Generally, people today are rather discussing issues like the environment, refugees, terrorism, equality or integration than the question of how a particular product characteristic gives them a more comfortable life. Cannes takes up this mood pointedly. And therefore works with a higher purpose have high odds of winning. Undoubtedly some juries exaggerate by also distinguishing work, that in fact has a higher purpose, but does not really show an unusual idea, a really fascinating implementation. But that will settle in.

How useful do you think the festival is?
One can accuse Cannes of a lot. A parallel world of colourful extra ideas that have nothing to do with our hard daily business. A tremendous money-making machine that only makes the organizers rich. A party of vain self-congratulation rather than humble work in the service of the customer. All correct. And all wrong. Cannes is the most important platform for new ideas that truly advance our industry. After all, even the most conservative client asks at some point: Is that all you have to offer me? Then: Cannes is not only a huge money-making machine, but also a huge inspiration machine. Nowhere in the world will you be so bombarded within a week with so many ideas, so many lectures, so many conversations. You can feed of it for a whole year. And the topic of parties and prizes? Both are, beside all the tam-tam, the best motivation for employees that one can imagine.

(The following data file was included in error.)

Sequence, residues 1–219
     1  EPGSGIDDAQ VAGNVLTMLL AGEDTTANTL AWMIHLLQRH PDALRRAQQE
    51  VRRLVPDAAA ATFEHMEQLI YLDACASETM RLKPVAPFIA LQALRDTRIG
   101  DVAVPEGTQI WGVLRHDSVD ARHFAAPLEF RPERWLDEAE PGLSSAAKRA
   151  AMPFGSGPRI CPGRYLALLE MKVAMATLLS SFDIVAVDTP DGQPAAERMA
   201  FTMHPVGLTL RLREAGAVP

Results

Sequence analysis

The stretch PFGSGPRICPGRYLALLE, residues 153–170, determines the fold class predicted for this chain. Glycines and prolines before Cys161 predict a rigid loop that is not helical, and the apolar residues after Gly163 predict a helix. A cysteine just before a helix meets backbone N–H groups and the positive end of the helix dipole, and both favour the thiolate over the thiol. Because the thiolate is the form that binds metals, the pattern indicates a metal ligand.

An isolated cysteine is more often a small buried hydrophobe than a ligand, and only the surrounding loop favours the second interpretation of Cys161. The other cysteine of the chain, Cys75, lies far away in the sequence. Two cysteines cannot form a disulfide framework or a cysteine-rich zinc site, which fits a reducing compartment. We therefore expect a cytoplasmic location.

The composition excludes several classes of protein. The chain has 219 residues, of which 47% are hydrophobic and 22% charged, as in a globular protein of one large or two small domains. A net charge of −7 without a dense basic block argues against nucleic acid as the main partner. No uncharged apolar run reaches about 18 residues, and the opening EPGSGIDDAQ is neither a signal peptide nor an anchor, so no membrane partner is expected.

In 2016, the category Digital Craft is new, amongst others. To what extent do the Cannes Lions of digital development in advertising accommodate the new category?
I am excited about the new category. Because what we are talking about when we talk about digitization? Which terms do we use? Clicks, shares, likes. Websites, moving image, banner. Targeting, conversion rate, ROI. Primarily technical terms that describe certain categories, functions and modes of action. We talk too little about beauty. Too little about how technically well something is made. And yet it is precisely this quality, especially with regard to the impact, that is an enormous factor. Especially against the background of limited spaces with a lot of information, with which one is often confronted digitally. The introduction of the Digital Craft category is setting a positive sign here.

Which creative factor can win a prize in Cannes (for example, humour, higher purpose)?
The most important is still the idea. How surprising, how new will something be sold to me? How surprising, how new is the Insight? Is it simple and understandable enough for the often-quoted Indian on the jury, who has no idea of the German market conditions? Very important: Does it move me? Especially us Germans indeed still have our fears in dealing with emotions. Higher Purpose? Helps. And humour? Can not hurt.